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Publication numberUS5876763 A
Publication typeGrant
Publication dateMar 2, 1999
Filing dateMay 26, 1998
Priority dateMay 26, 1998
Fee statusLapsed
Publication numberUS 5876763 A, US 5876763A, US-A-5876763, US5876763 A, US5876763A
InventorsPaul Montner, Dan Stark
Original AssigneeUniversity Of New Mexico
Export CitationBiBTeX, EndNote, RefMan
External Links: USPTO, USPTO Assignment, Espacenet
Exercise preformance
US 5876763 A
Abstract
A rehydration formulation which enhances a subjects ability to quickly recover from dehydration. The rehydration formulation includes a glycerol solution combined with a carbohydrate or sodium to produce a desired result. The glycerol solution combats the ill-effects of dehydration by increasing plasma osmolality thereby preventing loss of osmotic stimulus to thirst and enabling full rehydration to occur.
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Claims(11)
What is claimed is:
1. A regimen for enhancing exercise performance which comprises:
ingesting a hydration solution comprising glycerol, in a time period prior to the initiation of exercise;
wherein the amount of glycerol ingested during said time period is sufficient to decrease heart rate, expand blood volume, and reduce rectal temperature as compared to these values for the same amount of exercise during the same time period wherein the solution does not contain glycerol.
2. The regimen of claim 1, wherein said time period starts about 2 hours before the initiation of exercise and is continuous to about 1/2 hour before the initiation of exercise.
3. The regimen of claim 1, wherein said hydration solution comprises about 3 to 8 percent (vol./weight) glycerol for a total ingestion of up to about 26 ml. of glycerol per kilogram of body weight.
4. A regimen for enhancing exercise performance which comprises:
ingesting a solution, comprising glycerol, sodium and carbohydrate, during exercise;
wherein the amount of glycerol is sufficient to decrease heart rate, expand blood volume, and reduce rectal temperature as compared to these values for the same amount of exercise during the same period wherein the solution does not contain glycerol.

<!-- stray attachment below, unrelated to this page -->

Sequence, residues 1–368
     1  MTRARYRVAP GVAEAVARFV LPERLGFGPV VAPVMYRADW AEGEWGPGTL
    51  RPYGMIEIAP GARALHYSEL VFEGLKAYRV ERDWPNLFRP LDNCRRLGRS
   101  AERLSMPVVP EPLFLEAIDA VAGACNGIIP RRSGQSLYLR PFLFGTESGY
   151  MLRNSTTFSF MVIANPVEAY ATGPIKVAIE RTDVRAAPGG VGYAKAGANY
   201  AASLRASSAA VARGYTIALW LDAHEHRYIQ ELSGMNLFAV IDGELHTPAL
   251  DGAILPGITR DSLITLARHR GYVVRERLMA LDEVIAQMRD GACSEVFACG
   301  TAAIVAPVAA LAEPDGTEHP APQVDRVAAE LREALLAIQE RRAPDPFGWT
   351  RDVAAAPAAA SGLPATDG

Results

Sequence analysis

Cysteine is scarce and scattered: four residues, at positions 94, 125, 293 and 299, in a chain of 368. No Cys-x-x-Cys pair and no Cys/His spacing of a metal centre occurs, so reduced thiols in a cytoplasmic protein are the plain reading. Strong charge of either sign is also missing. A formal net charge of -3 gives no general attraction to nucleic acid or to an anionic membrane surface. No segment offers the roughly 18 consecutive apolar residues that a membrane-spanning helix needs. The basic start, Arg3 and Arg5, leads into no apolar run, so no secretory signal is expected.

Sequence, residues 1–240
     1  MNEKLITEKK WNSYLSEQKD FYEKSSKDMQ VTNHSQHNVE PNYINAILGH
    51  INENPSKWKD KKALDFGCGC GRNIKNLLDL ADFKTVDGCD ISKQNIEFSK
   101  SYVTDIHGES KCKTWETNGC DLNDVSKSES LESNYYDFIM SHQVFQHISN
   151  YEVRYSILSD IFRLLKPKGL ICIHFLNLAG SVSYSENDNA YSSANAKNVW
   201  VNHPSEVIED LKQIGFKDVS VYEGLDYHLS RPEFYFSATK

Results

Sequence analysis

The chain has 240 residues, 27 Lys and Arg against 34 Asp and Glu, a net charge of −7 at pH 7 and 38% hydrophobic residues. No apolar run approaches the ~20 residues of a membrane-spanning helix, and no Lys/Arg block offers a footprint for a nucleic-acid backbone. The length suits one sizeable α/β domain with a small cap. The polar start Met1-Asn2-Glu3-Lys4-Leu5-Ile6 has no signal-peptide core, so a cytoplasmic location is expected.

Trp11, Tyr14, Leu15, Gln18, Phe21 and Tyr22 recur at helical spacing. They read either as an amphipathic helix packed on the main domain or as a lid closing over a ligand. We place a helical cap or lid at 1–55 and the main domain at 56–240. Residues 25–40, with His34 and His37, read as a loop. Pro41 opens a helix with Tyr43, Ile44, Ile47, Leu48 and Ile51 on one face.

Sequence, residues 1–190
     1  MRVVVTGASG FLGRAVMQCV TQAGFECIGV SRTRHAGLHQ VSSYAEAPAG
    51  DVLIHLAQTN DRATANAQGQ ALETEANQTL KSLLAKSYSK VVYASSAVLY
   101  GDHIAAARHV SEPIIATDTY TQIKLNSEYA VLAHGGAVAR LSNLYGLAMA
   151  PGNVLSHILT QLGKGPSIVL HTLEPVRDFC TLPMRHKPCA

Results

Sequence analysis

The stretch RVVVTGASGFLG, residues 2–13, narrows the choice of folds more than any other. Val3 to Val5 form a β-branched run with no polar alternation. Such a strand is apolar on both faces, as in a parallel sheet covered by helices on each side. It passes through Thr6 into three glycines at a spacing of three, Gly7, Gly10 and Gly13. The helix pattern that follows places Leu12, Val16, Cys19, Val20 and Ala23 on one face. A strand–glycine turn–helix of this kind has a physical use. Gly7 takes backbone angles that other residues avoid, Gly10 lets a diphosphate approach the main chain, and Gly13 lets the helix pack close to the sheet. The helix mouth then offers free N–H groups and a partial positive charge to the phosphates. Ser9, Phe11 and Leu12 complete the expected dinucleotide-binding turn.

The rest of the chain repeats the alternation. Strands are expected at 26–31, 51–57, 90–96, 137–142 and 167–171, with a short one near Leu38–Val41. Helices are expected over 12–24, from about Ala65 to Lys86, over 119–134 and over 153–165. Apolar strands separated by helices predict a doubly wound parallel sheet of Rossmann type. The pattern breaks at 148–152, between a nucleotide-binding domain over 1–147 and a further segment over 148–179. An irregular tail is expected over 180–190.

5. The regimen of claim 4, wherein the solution comprises about 6 to 8 percent carbohydrates.
6. The regimen of claim 4, wherein the solution comprises about 0.4 to 1.5 percent (vol./weight) glycerol.
7. The regimen of claim 4, wherein the solution comprises about 0 to 10 meq. sodium.
8. A regimen for enhancing exercise performance which comprises:
ingesting a hydration solution comprising glycerol, at a time-period starting about 2 hours before the initiation of exercise and continuing up until about 1/2 hour before the initiation of exercise;
ingesting a second solution comprising glycerol, sodium and carbohydrate during exercise and;
ingesting a rehydration solution comprising glycerol for up to about 40 hours after the initiation of exercise;
wherein the amount of glycerol is sufficient to decrease heart rate, expand blood volume, and reduce rectal temperature as compared to these values for the same amount of exercise during the same period wherein the solution does not contain glycerol.
9. The regimen of claim 8 wherein said hydration solution comprises about 3 to 8 percent (vol./weight) glycerol, for a total ingestion of up to about 26 ml. of glycerol per kilogram of body weight, said second solution comprises about 0.4 to 1.5 percent (vol./weight) glycerol, about 0 to 10 meq. sodium, and about 6 to 8 percent carbohydrate, at an ingestion rate of about 800 to 1600 ml/hr, and said rehydration solution comprises about 2 to 8 percent glycerol.
10. The regimen of claim 8 wherein said rehydration-solution comprises up to 30 meq. sodium.
11. A regimen for enhancing exercise performance which comprises:
ingesting a hydration formulation comprising a first solution comprising about 3 to 8 percent (vol./weight) glycerol, for a total ingestion of up to about 26 ml. of glycerol per kilogram of body weight, starting at about two hours before initiation of exercise, and continuing up until about 1/2 hour before initiation of exercise;
ingesting a second solution, comprising about 0.4 to 1.5 percent (vol./weight) glycerol, about 0 to 10 meq. sodium and about 6 to 8 percent carbohydrate, at an ingestion rate of about 800 to 1600 ml/hr during exercise; and